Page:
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The European Commission today presented a Communication which takes stock of the work it has accomplished in the field of better regulation in recent years. The report places the focus on improving consultations and procedures, whereas it is insufficient and too negative in its addressing of the key element of cutting red tape, i.e. preventing new unnecessary costs and reducing existing unnecessary costs for citizens, businesses and administrations. However, the increasing digitalisation is opening up many opportunities to reduce unnecessary costs.

Federal Economic Affairs Minister Peter Altmaier commented: “The targeted reduction of unnecessary bureaucracy at EU level is of pivotal importance for industry, especially for small and medium-sized enterprises. This is particularly true in times when international competition is growing ever fiercer. In recent years, much has already been done at European level. And I welcome that. The Commission’s latest Communication, however, gives us reason to be even more ambitious. Because it does not go far enough: the costs of European legislation for citizens, businesses and administrations must be made much more transparent. And new costs must be minimised. The overall burden of EU regulations must be significantly reduced. Bureaucracy reduction targets and rules such as one-in one-out, with which Germany has had very good experience, should also be applied at European level.”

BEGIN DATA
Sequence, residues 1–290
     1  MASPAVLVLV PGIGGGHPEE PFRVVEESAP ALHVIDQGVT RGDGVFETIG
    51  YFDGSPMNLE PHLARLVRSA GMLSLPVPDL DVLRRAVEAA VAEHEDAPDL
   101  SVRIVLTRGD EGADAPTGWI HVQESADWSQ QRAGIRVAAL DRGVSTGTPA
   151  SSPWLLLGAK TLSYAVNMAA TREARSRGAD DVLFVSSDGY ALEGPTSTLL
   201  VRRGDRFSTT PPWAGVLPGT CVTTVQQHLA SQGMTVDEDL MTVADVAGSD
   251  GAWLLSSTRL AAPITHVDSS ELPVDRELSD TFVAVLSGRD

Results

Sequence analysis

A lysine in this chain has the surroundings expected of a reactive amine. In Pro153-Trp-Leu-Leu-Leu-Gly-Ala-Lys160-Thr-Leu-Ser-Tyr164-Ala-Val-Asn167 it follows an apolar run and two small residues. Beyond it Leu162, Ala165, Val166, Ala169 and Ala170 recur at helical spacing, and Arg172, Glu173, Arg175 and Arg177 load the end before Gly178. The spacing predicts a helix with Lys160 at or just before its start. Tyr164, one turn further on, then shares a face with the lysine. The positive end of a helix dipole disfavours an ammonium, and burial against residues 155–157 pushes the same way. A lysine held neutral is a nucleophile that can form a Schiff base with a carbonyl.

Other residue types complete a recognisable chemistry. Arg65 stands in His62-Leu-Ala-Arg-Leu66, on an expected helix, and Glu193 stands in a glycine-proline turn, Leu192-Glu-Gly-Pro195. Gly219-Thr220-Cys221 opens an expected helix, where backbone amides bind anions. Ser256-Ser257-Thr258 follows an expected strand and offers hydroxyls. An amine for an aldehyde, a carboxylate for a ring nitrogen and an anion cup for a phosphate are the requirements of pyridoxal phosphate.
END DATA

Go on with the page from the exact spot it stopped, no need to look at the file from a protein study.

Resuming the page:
In Germany, the annual bureaucratic burden on the economy has been reduced by around 2 billion euros since 2015. The basis of this success has been the one-in one-out rule, according to which new burdens must be offset by corresponding relief elsewhere. In the same period, however, the annual bureaucratic burden on Germany increased by around 500 million euros, resulting from the implementation of EU directives alone. Compliance costs accruing from EU regulations have not yet been taken into account here. So the real increase in bureaucratic burdens from EU legislation is likely to be considerably higher.